Mental Health Advisory Panel provides advice and guidance on the issues impacting on people with mental health problems and their families.  The panel is advising on local, innovative solutions that can make a difference.


  • Lucy Brogden

    Lucy is a distinguished businesswoman and psychologist and will be the next Chair of the Australian Government’s National Mental Health Commission. She has been a highly-skilled Commissioner for the Government’s peak mental health body for three years.
    Lucy’s primary areas of focus are issues facing Mental Health and Wellbeing particularly in the workplace and the community. She takes an evidence based approach to problem solving and social investment. Lucy has more than 25 years’ commercial experience with companies including Macquarie Group and Ernst & Young and more than 10 years in organisational psychology.

  • Sarah Garnett

    Sarah was a Corporation Communications Producer for 20 years before founding The Footpath Library, Australia’s only free giving library for homeless people. Since 2003, Sarah has had extensive face-to-face experience with homeless people, many of whom have a mental health problem. Sarah was an Australian of the Year Local Hero finalist in 2012, completed a Bachelor of Arts Anthropology degree in 2017 (ignited by her interest in human diversity) and holds Mental Health First Aider, Domestic Violence First Aid and Suicide Prevention First Aid certificate. Sarah is currently in a voluntary role as Managing Director of The Footpath Library.

  • Elisabeth Goh

    At some point in time, someone gave Elisabeth Goh a pencil. Little did they know that from that moment on, she would use it to empower young people. Graduating with an Arts & Law Degree from Macquarie University in 2017, Elisabeth has spent most of her university life advocating for better mental health services. She has worked with many leading organisations, including the KYDS Youth Development Service and headspace, as an ambassador, speaker, educator and policy leader. As an 18-year-old, Elisabeth assisted the Hon. Matt Kean MP in establishing the Youth Forum Model, which has since become a NSW Department of Education Model of Excellence. Through her collaborative spirit, she helped KYDS Youth Development Service to open its doors to clients in Hornsby at the Art of Smart Campus. As the developer of the Art of Smart Community, Elisabeth was critical for delivering accessible and equitable skills-based HSC and career education to anyone with an internet connection. Elisabeth challenges her audience by removing barriers to envision a world of possibility.

  • Jenna Bateman

    Jenna has worked in the mental health sector for 25 years, initially as a clinician and manager in the public service sector. In 2000 she moved to the community sector recognising the value of psychosocial approaches to good mental health outcomes. She is a passionate advocate for mental health reform and has co-authored documents on social inclusion, trauma informed care and recovery-oriented practice. Jenna has driven development of the community managed sector through accredited training qualifications and supported development of the Mental Health Peer Work qualification. She was appointed to the taskforce to create the NSW Mental Health Commission and has been heavily involved in the development of the NSW Strategic Plan. Jenna was also a founding member of Community Mental Health Australia (CMHA) – the alliance of Australian State and Territory mental health peak bodies. Jenna is currently CEO of the Mental Health Coordinating Council. She is a qualified Mental Health Nurse and has a Bachelor of Arts and a Master’s Degree in Community Management.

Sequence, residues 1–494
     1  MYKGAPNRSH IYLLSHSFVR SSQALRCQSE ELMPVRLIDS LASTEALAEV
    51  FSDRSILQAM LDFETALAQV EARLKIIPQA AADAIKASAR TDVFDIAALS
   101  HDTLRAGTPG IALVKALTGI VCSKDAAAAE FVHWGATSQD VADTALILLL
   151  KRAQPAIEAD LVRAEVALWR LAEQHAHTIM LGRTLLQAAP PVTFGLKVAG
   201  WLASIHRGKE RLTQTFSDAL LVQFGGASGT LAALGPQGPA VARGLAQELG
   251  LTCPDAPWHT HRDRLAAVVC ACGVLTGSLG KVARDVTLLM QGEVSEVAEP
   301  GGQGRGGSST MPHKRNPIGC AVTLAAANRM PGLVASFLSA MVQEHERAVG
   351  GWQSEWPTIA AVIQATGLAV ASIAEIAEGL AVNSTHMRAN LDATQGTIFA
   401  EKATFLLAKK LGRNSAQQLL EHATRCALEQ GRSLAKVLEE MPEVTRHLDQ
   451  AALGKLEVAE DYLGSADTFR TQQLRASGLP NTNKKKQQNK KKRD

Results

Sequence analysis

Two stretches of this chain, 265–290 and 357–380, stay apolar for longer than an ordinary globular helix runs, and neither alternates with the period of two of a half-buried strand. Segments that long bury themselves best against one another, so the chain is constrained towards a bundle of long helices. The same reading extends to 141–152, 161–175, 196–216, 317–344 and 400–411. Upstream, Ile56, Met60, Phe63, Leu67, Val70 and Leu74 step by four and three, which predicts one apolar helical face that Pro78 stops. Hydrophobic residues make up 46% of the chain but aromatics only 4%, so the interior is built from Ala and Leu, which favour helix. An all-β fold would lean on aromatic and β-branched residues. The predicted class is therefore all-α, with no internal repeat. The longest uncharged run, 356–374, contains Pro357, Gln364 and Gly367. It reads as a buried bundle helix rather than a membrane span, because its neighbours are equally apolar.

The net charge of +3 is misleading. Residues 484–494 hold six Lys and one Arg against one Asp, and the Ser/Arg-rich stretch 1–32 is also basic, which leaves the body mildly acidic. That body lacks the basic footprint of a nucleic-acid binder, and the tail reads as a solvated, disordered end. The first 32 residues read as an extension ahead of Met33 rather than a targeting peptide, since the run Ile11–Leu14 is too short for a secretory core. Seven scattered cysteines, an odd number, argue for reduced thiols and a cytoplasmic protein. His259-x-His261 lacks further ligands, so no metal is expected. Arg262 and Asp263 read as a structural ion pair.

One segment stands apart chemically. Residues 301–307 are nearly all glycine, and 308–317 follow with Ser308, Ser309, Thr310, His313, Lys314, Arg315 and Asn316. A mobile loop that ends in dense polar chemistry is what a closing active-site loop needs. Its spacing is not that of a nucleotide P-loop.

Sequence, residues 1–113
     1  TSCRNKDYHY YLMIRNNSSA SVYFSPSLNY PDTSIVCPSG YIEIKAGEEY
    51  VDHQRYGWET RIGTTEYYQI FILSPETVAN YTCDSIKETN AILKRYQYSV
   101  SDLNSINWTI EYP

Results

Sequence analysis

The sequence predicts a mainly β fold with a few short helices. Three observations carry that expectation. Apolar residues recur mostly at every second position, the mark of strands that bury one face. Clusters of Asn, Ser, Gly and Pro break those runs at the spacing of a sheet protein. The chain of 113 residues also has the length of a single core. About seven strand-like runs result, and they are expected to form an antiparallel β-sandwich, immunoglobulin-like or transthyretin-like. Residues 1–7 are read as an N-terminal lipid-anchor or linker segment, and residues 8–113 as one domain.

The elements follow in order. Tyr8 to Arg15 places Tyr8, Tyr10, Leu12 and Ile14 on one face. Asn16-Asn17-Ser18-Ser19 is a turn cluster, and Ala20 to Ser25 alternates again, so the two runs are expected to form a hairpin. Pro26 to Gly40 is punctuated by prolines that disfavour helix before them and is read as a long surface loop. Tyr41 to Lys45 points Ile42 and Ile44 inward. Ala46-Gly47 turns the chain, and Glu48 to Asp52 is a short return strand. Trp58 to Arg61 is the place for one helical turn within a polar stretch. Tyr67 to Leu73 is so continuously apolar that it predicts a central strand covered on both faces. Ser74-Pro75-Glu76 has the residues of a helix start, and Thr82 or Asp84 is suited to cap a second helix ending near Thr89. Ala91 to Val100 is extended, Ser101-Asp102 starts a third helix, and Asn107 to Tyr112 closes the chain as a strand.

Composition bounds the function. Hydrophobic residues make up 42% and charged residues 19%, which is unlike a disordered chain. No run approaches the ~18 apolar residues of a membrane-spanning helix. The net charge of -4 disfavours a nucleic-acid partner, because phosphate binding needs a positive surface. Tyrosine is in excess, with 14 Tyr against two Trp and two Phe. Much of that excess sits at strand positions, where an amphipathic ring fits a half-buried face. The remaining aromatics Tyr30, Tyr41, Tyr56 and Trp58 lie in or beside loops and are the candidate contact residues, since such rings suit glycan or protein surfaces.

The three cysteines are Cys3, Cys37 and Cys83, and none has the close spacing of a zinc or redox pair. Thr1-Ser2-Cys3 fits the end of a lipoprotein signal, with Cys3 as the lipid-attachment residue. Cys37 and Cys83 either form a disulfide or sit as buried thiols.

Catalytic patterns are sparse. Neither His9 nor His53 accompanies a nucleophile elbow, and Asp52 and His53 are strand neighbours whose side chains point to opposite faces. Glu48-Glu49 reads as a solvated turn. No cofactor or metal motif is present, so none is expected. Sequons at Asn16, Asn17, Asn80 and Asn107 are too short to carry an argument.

• Andrew McAnulty

    Andrew has, as a CEO, built the capability and capacity of three housing organisations, building substantial growth in each company which has culminated in the delivery of thousands of quality mixed tenure homes. Andrew is a respected community housing figure, both nationally and internationally, having delivered social, affordable and large scale urban renewal outcomes for over 20 years across Australia and the United Kingdom. His experience highlights the innovation and vision required to create cutting edge outcomes for projects which link Government, the private sector and the community housing sector – in order to actually deliver high quality affordable housing and place based urban renewal. Andrew is Chief Executive and Executive Director of not-for-profit Tier 1 Community Housing Provider Link Housing, and former Chairman of the NSW Government Affordable Housing Taskforce.

  • Dr. Grenville Rose

    Dr. Grenville Rose is a registered psychologist with a B.A. in Psychology and a PhD in Food Science. After gaining his Doctorate, Grenville worked in a small market research organisation in the food and beverage industry for 6 years. Tiring of the hard slog of making Coco Pops taste ever better Grenville became a registered Psychologist and worked on the Hepatitis NSW Helpline and in a research project with the University of Sydney in community pharmacies. Grenville then worked for 8 years as research manager in a rapidly growing mental health community managed organisation. Grenville is now semi-retired but is still engaged with a number of research and community organisations. Although much of it is a distant memory Grenville identifies as someone with lived experience of hepatitis C, injecting drug use, mental health issues, suicide and secondary homelessness.